Here’s Why Public Wi-Fi Sucks

Here’s Why Public Wi-Fi Sucks
Apple emojis. Image: Zachariah Kelly/Gizmodo Australia

Yesterday morning, my editor accused me of being an absolute Zoomer, happy to surrender my soul and data to public Wi-Fi.

I didn’t really see the problem with public Wi-Fi until I started looking into it, half dealing with her ‘Zoomer-shaming’ and half dealing with the privacy nightmare that public Wi-Fi can be.

But should you be concerned? Is this one of those “If you’ve got nothing to hide, you’ve got nothing to fear” things?

No, it’s not. Keep yourself safe. Let us explain.

Is public Wi-Fi unsafe?

Here’s Kaspersky on public Wi-Fi:

“The biggest threat to free Wi-Fi security is the ability for the hacker to position himself between you and the connection point. So instead of talking directly with the hotspot, you’re sending your information to the hacker, who then relays it on.

While working in this setup, the hacker has access to every piece of information you’re sending out on the Internet: important emails, credit card information and even security credentials to your business network. Once the hacker has that information, he can — at his leisure — access your systems as if he were you.”

So, hypothetically, a hacker could position themselves in a public space, set up a connection to a public Wi-Fi access point (that you could connect to with your phone) and steal your data with your device willingly connected to said access point.

As Kaspersky goes on to say, what the hacker can do with this data is quite far-reaching. Your computer system could be directly accessed and malware could be distributed to computers on the local network. Your passwords could be compromised and your bank account could be accessed.

Hacking is obviously an extreme scenario (though there have been some serious hacks recorded), one that can be mitigated by doing the right things. Ultimately, it can be avoided entirely by having a capable mobile broadband or phone plan with enough data, allowing you to be self-sufficient when it comes to internet needs.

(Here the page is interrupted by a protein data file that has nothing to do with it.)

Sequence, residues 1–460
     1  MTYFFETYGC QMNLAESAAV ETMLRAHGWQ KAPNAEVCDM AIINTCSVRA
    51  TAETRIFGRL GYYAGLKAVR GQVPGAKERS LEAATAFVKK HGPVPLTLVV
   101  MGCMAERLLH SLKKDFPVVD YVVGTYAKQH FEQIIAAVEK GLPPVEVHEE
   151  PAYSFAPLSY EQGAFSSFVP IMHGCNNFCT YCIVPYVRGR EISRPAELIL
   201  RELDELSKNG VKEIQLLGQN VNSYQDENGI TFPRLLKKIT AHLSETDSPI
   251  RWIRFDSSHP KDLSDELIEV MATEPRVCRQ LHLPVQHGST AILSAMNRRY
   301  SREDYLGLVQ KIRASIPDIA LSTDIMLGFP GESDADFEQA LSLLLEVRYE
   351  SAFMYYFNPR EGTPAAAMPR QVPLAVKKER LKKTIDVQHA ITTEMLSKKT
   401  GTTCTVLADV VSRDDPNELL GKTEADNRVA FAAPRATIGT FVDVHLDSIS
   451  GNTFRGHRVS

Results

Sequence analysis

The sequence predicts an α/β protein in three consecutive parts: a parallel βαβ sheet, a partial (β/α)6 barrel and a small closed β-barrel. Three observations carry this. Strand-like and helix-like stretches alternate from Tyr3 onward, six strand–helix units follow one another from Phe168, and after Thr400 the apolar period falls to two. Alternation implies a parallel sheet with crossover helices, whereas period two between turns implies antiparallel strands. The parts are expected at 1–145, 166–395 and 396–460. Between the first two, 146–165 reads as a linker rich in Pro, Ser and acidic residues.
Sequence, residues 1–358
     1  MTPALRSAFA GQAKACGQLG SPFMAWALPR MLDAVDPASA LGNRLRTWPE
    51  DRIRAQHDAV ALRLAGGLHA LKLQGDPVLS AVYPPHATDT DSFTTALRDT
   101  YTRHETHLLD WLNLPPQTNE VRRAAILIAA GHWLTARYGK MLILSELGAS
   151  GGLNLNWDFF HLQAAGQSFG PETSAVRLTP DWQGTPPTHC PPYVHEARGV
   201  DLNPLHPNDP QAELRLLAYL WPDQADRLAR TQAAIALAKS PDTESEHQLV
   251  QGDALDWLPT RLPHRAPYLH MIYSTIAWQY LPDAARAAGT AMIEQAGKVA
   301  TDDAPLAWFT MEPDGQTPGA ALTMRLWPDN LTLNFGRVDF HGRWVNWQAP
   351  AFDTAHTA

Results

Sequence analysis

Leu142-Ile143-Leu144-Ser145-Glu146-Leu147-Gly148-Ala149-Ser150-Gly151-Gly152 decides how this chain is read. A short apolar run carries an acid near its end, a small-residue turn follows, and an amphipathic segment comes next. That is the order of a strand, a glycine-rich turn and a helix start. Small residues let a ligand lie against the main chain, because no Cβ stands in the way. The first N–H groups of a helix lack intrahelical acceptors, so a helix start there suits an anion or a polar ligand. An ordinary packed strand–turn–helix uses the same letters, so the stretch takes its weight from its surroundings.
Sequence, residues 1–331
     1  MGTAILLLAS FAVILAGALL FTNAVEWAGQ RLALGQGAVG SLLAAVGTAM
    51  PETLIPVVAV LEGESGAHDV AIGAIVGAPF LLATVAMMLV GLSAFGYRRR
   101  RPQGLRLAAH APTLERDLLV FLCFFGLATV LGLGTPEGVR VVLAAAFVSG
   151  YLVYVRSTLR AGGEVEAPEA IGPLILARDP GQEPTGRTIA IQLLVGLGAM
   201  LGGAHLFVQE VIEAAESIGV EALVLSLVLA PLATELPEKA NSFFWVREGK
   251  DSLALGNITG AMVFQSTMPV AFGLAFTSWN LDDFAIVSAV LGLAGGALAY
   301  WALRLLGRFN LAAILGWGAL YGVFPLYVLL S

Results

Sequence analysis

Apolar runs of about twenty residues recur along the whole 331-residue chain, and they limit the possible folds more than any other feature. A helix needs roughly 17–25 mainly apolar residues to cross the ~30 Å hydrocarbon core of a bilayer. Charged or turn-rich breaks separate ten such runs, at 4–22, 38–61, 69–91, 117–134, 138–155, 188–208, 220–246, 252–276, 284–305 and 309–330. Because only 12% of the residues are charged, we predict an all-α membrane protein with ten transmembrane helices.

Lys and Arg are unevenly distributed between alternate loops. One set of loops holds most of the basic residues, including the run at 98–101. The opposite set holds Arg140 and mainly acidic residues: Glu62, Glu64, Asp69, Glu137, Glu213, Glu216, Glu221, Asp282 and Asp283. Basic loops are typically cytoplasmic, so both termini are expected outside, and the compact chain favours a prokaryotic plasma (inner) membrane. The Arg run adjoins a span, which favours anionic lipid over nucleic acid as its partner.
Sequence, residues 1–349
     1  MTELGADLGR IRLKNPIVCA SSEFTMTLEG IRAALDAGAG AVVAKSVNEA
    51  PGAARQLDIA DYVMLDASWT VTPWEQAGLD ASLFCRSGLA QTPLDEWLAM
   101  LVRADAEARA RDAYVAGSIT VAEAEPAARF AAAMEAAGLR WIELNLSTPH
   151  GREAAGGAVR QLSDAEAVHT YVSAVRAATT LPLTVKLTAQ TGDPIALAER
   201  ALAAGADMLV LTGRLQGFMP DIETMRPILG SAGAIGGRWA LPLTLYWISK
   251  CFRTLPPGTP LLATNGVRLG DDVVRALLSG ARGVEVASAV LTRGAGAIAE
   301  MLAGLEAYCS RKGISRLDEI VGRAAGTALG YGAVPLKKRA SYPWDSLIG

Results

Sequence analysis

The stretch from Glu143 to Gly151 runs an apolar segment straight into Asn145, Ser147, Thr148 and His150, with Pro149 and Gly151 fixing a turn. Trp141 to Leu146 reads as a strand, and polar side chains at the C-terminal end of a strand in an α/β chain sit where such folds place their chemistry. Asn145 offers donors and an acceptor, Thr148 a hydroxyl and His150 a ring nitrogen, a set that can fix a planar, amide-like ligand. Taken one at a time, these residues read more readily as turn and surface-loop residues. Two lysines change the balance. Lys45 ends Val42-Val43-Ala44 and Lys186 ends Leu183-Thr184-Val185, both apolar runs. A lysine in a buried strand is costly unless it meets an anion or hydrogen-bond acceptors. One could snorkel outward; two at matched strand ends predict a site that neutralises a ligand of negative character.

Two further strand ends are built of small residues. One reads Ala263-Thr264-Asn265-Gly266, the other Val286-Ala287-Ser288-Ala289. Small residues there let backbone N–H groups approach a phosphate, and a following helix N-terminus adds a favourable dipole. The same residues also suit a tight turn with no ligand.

There’s data harvesting too

Hackers aren’t your only problem on public Wi-Fi. While a Wi-Fi connection can’t give you a cookie (on its own), the welcome page for said public Wi-Fi system can leave you with a cookie that tracks your data and searches across the internet.

With that in mind, whatever you do on a public Wi-Fi network can be spied on by the network provider. If you’re sharing sensitive data, it’s  good practice to keep it off public networks.

How to stay safe on public Wi-Fi

Don’t get us wrong, we don’t want to scare you away from using public Wi-Fi, we just want you to be as secure as possible.

So here’s how to keep yourself safe on public Wi-Fi connections.

  • Get a VPN: By using a VPN, your data becomes a not-so easy target for a hacker, even if the public Wi-Fi connection has been compromised.
  • Get some antivirus software: Good antivirus software should be able to protect you from malware infection.
  • Use SSL connections: As Kaspersky says, “Enable the ‘Always Use HTTPS’ option on websites that you visit frequently, or that require you to enter some kind of credentials.” If the website you need to access has a login portal, it likely has a HTTPS encryption option, which should make it harder for a hacker to steal your data through your login information.
  • Keep your Wi-Fi turned off: Although you might have your device tuned to not connect to public Wi-Fi hotspots, having your Wi-Fi turned off when you’re on the go prevents this in a dead-bolt way, so there’s no chance of your tech going rogue, connecting to a dodgy hotspot that you might have connected to before, and getting compromised by a hacker. Your battery should last a little longer too.
  • Get mobile broadband (or a phone plan with lots of data): the best way to avoid compromised security is to not risk it to begin with. Try to use your own data when accessing the internet in public and minimise what Wi-Fi you connect to outside of trusted connections (like your business and your home Wi-Fi).
  • Avoid sensitive data on public networks: Avoid entering passwords and accessing your banking information when you’re on a public network.
  • Avoid dodgy connections: If a public Wi-Fi connection looks dodgy, or there’s a duplicate connection available, try to avoid it. It could well be a compromised connection.